We were lucky to interview Rensselaer graduate and previous WMP member Viola Wu!  Read to discover advice Viola has for incoming students, the impact WMP made on her professionally and her experience studying at RPI.

Share a little bit about yourself (Where are you from, what years did you attend RPI, etc.?)

I was born in China and immigrated to the U.S. when I was twelve. I didn’t speak any English at the beginning, but my language proficiency grew fairly quickly.  I lived in Queens, NY until I enrolled at RPI in Fall 2011.

What do you like to do for fun?
Ever since I studied abroad in London, I fell in love with traveling. I’ve traveled to 12 countries so far! I am also a big foodie and love to cook. In my spare time, I like to hang out with friends, exercise, and be outdoors.

What do you do professionally? How did you choose this path? Where does your motivation derive from?
I am currently in the consulting industry working for Accenture, and my client is the federal government. I use agile delivery to enhance and modernize one of the government’s legacy systems. I chose consulting because it allows me to try out different industry roles in a short period which is a unique opportunity.  Consulting is intellectually challenging.  It affords you the opportunity to work with very smart teammates and constantly think outside of the box to come up with innovative client solutions. I am not too sure where exactly my motivation derives from, but my sisters joke and say [I have] middle child syndrome. I have always been motivated to strive for success ever since I was little.  Maybe it’s because I am a perfectionist.


When selecting colleges, what stood out about RPI?
There were three reasons I chose RPI. First, it was close to NYC which gave me the flexibility to go home if I wanted. Second, I was one of the four people in the country to receive a $100K scholarship competition and with my other scholarships I was able to attend RPI for free. Third, RPI has an excellent engineering reputation, and I like the faculty to student ratio size. Therefore, I chose RPI due to the proximity to NYC, my full ride, and the Institute’s reputation.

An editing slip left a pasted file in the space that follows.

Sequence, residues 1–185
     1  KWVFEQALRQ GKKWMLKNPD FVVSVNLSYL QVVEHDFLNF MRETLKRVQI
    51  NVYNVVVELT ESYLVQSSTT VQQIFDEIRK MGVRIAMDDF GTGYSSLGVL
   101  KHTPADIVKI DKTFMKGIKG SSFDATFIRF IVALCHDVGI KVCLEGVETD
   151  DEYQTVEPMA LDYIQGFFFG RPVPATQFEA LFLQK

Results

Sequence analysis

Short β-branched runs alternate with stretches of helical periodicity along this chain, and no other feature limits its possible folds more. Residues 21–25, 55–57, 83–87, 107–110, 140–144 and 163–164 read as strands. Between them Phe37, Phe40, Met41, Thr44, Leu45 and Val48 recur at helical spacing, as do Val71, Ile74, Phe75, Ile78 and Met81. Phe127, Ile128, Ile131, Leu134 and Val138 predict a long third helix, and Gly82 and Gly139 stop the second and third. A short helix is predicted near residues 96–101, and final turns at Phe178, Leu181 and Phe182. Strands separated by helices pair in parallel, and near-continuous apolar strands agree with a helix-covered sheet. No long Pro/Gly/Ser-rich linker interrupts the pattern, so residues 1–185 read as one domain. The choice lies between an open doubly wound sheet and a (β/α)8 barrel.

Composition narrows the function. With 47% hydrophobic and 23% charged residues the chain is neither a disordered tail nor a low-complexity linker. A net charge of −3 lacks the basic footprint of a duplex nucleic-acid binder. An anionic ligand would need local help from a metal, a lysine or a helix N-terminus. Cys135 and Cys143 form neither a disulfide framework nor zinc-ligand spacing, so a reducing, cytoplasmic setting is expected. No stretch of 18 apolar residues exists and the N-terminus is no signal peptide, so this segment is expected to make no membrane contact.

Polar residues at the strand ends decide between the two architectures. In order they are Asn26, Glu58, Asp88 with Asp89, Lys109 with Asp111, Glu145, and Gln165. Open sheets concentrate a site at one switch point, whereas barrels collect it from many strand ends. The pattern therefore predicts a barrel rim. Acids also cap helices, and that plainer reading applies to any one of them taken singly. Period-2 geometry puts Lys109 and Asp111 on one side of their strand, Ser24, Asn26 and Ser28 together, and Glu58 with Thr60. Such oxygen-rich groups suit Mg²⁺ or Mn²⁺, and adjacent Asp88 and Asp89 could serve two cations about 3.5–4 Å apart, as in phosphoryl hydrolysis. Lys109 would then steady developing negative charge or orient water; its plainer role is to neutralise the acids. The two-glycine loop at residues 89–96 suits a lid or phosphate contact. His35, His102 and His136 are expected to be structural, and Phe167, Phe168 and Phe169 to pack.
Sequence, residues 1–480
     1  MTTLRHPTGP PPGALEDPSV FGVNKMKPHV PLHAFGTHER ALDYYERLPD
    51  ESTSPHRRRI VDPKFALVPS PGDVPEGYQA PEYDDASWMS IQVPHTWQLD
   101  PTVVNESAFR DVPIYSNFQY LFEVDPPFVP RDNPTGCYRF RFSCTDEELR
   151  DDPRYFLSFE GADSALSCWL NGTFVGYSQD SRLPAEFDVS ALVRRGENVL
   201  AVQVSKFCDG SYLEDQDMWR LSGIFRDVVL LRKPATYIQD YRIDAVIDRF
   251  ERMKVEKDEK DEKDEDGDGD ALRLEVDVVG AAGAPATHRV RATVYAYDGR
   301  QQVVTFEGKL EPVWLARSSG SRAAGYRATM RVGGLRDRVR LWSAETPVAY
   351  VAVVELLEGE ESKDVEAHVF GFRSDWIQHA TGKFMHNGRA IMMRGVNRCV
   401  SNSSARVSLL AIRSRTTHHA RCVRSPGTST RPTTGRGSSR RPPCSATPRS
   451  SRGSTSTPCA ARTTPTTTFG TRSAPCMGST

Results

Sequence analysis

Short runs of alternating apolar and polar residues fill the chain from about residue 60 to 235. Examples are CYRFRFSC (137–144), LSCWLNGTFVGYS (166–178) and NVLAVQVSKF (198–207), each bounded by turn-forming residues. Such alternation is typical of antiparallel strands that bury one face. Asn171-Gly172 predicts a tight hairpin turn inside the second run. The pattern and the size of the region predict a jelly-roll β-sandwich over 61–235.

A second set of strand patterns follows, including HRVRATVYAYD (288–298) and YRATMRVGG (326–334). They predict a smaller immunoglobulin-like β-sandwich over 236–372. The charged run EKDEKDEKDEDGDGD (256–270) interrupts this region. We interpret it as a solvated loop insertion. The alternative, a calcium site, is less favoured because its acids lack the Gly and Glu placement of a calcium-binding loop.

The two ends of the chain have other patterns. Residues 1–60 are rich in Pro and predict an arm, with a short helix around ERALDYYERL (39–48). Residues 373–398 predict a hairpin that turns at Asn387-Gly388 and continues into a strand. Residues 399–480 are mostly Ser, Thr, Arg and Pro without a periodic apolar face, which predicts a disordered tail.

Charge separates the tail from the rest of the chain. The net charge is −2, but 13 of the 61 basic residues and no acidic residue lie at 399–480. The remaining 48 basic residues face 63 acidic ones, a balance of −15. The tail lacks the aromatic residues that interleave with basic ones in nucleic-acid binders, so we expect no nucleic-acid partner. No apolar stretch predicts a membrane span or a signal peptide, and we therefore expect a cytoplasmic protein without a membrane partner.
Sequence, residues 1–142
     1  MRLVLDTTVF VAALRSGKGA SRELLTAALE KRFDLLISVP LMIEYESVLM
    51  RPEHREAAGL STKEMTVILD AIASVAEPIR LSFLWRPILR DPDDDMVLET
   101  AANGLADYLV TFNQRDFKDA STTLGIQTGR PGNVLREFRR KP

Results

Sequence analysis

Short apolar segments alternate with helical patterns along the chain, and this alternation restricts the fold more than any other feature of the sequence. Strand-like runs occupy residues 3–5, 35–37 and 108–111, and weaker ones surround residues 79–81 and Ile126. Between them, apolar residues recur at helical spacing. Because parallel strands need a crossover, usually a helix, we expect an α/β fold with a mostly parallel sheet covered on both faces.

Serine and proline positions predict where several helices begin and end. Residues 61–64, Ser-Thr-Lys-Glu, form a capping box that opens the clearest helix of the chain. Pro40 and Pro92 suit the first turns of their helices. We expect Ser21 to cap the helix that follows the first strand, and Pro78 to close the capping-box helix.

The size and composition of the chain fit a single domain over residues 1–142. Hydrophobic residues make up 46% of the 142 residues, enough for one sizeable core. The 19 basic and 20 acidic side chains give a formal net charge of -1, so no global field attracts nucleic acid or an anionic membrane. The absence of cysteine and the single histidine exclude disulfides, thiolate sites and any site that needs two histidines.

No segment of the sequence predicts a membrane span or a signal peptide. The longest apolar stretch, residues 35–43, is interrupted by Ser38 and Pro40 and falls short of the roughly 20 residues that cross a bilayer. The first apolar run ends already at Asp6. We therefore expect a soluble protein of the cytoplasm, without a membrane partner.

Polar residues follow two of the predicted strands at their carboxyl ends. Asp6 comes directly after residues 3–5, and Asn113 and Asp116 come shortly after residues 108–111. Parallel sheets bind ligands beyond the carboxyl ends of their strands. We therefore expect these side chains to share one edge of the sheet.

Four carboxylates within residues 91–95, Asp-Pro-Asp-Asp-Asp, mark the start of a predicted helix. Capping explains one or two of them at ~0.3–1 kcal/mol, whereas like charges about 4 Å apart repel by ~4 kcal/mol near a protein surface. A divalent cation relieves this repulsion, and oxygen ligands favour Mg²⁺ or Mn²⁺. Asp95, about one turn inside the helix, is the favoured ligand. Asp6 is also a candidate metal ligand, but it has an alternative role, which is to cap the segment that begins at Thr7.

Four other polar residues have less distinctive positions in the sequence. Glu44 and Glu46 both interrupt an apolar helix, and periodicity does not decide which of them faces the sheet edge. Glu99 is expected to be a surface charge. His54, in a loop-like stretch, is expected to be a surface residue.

How was your RPI experience?
My RPI experience was fantastic! I learned and grew so much during the four years. RPI’s faculty is best, very approachable, always willing to help you and answer any questions you have. RPI does an outstanding job in helping students get industry experience before graduation, which personally made finding a full-time job much easier. Even though I studied abroad at University College London during the fall semester of my senior year when most students were interviewing for full-time jobs, I had no trouble finding a job when I returned in the spring. In fact, I landed a position working as the Department Process Manager with nine people reporting to me. It’s all because the opportunities RPI provided. I worked as a summer Research Assistant following my freshman year, interned as a Process Engineer the summer after my sophomore year, and served as a Technical Marketer the summer following my junior year.

What is your favorite memory from RPI?
My favorite memory from RPI is establishing an organization called Society of Asian Scientists and Engineers (SASE) during my junior year. Being the Founder and 1st President of SASE was not an easy task, especially since I launched and balanced it with my most advanced courses in one semester. But I knew it would make a huge difference to the community and students would benefit tremendously, so I moved forward with the support of the faculty and my peers. SASE’s mission is to provide events and support aimed at improving professional skills, increasing network visibility, and encouraging diversity. I am proud to have left a legacy at RPI and getting to see SASE Rensselaer continue to grow.